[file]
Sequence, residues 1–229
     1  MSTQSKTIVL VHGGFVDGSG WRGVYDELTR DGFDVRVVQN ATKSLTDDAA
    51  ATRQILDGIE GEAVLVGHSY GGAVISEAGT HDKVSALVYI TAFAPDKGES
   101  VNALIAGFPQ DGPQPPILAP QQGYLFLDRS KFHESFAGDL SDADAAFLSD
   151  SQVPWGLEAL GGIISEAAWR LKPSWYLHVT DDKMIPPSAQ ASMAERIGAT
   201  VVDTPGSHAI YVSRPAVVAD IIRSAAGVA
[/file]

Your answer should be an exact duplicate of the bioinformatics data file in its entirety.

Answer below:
Sequence, residues 1–229
     1  MSTQSKTIVL VHGGFVDGSG WRGVYDELTR DGFDVRVVQN ATKSLTDDAA
    51  ATRQILDGIE GEAVLVGHSY GGAVISEAGT HDKVSALVYI TAFAPDKGES
   101  VNALIAGFPQ DGPQPPILAP QQGYLFLDRS KFHESFAGDL SDADAAFLSD
   151  SQVPWGLEAL GGIISEAAWR LKPSWYLHVT DDKMIPPSAQ ASMAERIGAT
   201  VVDTPGSHAI YVSRPAVVAD IIRSAAGVA